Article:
YPU: Let my interrupt for just one second. How do we feel that discomfort? You say it’s uncomfortable, what do you mean by uncomfortable?

MS: If you look at the budget, if it’s $50 million out of close to a billion dollar budget, that’s like 5%. So we have a 5% problem.

YPU: I’ll take your word for the numbers…

MS: It is going to be uncomfortable, but we can deal with a 5% problem.

YPU: Who’s we? You mean ‘downtown’ we?

MS: We as a city, we as a workforce, we as a school district…all of us together. If the hole is $50 million, in a billion dollar budget, it’s a 5% issue.

YPU: So, it’s belt-tightening uncomfortable.

MS: It’s belt-tightening, but it may be a little more than belt-tightening. Our unions needs contracts. We’re going to have to work with them in partnerships and I think that that’s an approach that will be a better approach for us, and I think that labor is probably 80% of the total budget. I think if we treat labor like the enemy, you shouldn’t be surprised when they start to act like the enemy. So don’t be surprised when trash piles up in the middle of the street. So, if you take the perspective, and I really liked the way Andrew Cuomo did this, Andrew Cuomo never once talked bad about any labor group in the state of New York. No matter what was said about him or the budget, he said we have the best workforce in our state. And I understand what they’re doing, I understand they’re trying to get as much as they can. We have a responsibility to the taxpayers. We’re going to try to make this work. I don’t want to balance the budget on their backs but I need them to be a partner with me. And you know what, we ended up doing a half-a-billion of dollars in savings in this year’s budget at the state level because of the deals that were made with the labor workforce.

YPU: Through concessions? Renegotiations?

MS: There were some concessions, some on both sides. There were certain things that labor wanted that the state could do that didn’t cost all that much money in exchange for other things, but we ended up getting the savings that we needed. That’s treating them like a partner. It doesn’t start by saying, you can’t treat someone like a partner when you say, “This is what I want to take away from you.” Then they’re not a partner.

YFT Concessions, and Is Yonkers Self-Sustainable?

YPU: This’ll be my last question, then I’ll let you finish, but there’s a perception that the YFT is the only labor union not to make concessions.

MS: My answer is this. Look at the budget, we are not going, we are not bankrupt. We have some tough years ahead of us, we have an adjustment of anywhere from 5% to 10%. If it’s 5 or 10%, we adjust to that, and no matter what we still need have 90% of the dollars we need to run this city. If you look at it from a glass-half-full perspective, somebody says, in this environment we are people losing their jobs, people not having the overtime, they are not getting the income levels they are used to having, if I told you I have 90% of your salary, they might just say, “Hey, that’s a good thing.” So, I think that Yonkers has always been a city perched on greatness, but it’s just been a city that has not been able to get it right, and has been unwilling to make the tough choices. For 16 years, instead of dealing with this 5-10% problem, they borrowed through it. One-shots, the education money, selling the Yonkers Public Library, they took that money put it in the budget, spent that. So, one-shots, one-shots. We are not one-shotting this budget. We are going to look at our budget, top to bottom, and we are going to balance it.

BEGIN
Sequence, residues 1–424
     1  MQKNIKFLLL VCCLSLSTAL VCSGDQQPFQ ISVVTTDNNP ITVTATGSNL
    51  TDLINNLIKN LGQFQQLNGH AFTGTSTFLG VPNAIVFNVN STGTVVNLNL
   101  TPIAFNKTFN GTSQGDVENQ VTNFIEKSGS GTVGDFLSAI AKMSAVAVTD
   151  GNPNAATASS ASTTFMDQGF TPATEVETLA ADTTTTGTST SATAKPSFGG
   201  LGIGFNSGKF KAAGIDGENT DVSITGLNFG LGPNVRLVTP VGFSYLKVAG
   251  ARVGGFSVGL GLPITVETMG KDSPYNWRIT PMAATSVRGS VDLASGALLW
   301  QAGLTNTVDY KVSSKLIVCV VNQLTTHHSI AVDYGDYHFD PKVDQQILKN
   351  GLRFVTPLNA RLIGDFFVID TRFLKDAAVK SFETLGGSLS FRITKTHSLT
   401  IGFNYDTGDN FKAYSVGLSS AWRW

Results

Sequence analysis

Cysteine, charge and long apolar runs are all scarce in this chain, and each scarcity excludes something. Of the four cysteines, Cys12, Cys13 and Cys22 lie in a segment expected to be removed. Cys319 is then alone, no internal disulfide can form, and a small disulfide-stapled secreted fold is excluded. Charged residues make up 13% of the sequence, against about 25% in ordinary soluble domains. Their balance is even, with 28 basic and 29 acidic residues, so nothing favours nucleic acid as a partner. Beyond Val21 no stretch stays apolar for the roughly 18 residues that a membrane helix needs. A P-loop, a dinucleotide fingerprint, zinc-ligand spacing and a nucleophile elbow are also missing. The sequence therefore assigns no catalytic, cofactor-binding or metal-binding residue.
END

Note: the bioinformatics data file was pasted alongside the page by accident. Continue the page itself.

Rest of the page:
YPU: Create a self-sufficiency?

MS: That’s right. I want our city to run on its own. I don’t want us to have our yearly lives based on what people can or can’t give us. I don’t want our daily lives to be based on what people, as in other levels of government, it has to be…

YPU: Sure.

MS: …something we can afford as taxpayers.

YPU: And you think Yonkers can be sustainable?

MS: Yes. There have been years when we’ve demonized the delegation and I don’t know why, whether it was Andrea and Nick before Andrea, it was [?] before Nick, it was, “They never do enough for us, they don’t work hard enough for us.” That’s not the way you want to go. I work very well with José Alvarado, he’s the budget chairman for the [Westchester] Board of Legislators, he’s a very powerful person on the Board, it’s to my advantage as mayor to work with him. Because I need to enlist him as a partner, I need him to be a cheerleader on the Board for our effort. I shouldn’t dismiss him and tell him that he’s bad because, a personality is a personality, and it isn’t going to move our system, it’s not going to move us forward. That’s what I’ll do with the delegation, with the county delegation, the state delegation, and the federal delegation. We’re going to work together, and they are going to know exactly what my administration and our city needs and what it needs it for. We’re not going to have the gamesmanship and all the things we’ve grown accustomed to seeing over the last couple years. I have been, for my time in office, a no-drama kind of person who rolls up his sleeves who works hard for the city and gets the job done no matter how I have to do it. And, as mayor I’ll be the same exact way. That’s the only way we’re going to flourish.

On the Board of Education

MS: …Now, I’m going to need some help because we’re going to have to redesign the Board of Education and we’re going to have to talk about how we’re going to do that. I think the difference between me and maybe other mayors has been that if I have to get state laws changed to get more access to the Board of Education and the way they do business, while I might not be able to separate them, I can get that access because I have a lot more influence at the state level to get that job done. That’s an influence that I know the Superintendent knows I have, so that if I say, “We’re going to do something and if I have to get legislative approval to do it, I’ll get it.” And I think it will be that type of…